If you have a minute, just take a gander at his IMDB.com profile. Even a casual glance might have you doing a double take. Born in 1922, Lee boasts his first professional gig at age 24 (two episodes in a program titled Kaleidoscope) … and then continued building his portfolio for the next seven decades! That in and of itself is amazing; couple with that reality how many thousands upon thousands upon thousands of other actors and viewers the man inspired, and methinks you’d be suitably gobsmacked.
Like the majority of us, I never met the man, but I’ve always had cause to know his work.
Back in my youth – during that formative period known as junior high school of the late 1970’s – I can remember the entire student body being called to the gymnasium for a Halloween event. We had no idea of what we were getting into, but the principal opened the whole affair by saying that we would be treated to one of the scariest films ever made. Of course, some of us immediately started speculating about what we’d see when the lights dimmed, and shades of every fright imaginable brought titters of delight to the minds of so many twelve- and thirteen-year-olds.
Though I can’t be absolutely certain, my research leads me to believe that we were shown Hammer’s Dracula: Prince of Darkness. It’s hard to tell because – as I said – it’s been more than a few years, and the mind’s a fickle thing. I remember some delirious flashes of blood on the screen, but what I remember best is Lee’s menacing, brooding silence in the moments leading up to his next cinematic attack.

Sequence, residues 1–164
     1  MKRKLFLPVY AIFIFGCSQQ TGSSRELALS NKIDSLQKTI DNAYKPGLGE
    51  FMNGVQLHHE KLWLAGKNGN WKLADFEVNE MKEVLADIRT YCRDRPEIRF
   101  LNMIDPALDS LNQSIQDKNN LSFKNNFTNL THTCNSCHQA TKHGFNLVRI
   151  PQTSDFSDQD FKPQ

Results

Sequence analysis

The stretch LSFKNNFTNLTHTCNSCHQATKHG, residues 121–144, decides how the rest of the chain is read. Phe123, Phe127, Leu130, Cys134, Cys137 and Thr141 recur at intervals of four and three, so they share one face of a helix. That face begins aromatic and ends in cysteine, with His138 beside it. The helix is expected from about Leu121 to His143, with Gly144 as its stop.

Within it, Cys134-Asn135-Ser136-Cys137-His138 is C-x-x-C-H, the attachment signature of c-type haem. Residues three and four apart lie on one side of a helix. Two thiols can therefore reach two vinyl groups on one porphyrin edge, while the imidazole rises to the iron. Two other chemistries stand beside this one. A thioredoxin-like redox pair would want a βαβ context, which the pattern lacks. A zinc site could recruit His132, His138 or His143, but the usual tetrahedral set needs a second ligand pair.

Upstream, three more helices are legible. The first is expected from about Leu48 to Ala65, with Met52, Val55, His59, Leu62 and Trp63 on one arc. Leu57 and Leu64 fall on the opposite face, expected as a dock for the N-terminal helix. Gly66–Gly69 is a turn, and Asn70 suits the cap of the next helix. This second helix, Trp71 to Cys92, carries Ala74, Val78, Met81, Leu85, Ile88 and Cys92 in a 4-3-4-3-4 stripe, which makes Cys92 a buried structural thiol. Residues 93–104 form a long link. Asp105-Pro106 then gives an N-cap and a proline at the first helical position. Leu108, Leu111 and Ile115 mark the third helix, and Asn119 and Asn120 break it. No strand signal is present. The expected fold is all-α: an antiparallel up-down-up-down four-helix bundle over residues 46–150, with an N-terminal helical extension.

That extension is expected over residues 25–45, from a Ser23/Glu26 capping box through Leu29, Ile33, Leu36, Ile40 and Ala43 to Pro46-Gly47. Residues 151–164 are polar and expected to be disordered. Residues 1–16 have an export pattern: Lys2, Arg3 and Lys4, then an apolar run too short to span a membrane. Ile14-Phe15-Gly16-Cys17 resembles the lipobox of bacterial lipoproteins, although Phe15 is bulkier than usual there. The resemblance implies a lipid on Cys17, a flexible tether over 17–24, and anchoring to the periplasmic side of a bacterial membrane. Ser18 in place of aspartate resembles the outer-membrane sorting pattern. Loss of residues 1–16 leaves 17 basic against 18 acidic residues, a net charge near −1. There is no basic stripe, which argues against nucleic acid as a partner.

Lo and behold, just last night I was working my way through my first season Blu ray DVDs of Space:1999. It wasn’t twenty-four hours ago that I enjoyed the master thespian playing the staunchly reserved Captain Zandor in an hour titled “Earthbound.” Lee brought great poise and patience to the delivery of even what others would’ve found a throwaway line, and I think that’s probably something that will be appreciated when those who tally just what his measure of a man has been.
The lights have finally dimmed for Saruman, and perhaps the least-understood Sith better known as Darth Tyranus has found a semblance of peace or whatever functions as such in an evil tyrant’s afterlife. That fabled Transylvanian count who fed on the blood of the living has closed his eyes one last time. Few have ever approached Christopher Lee’s theatrical greatness, but now perhaps even more will be drawn to its deserved study.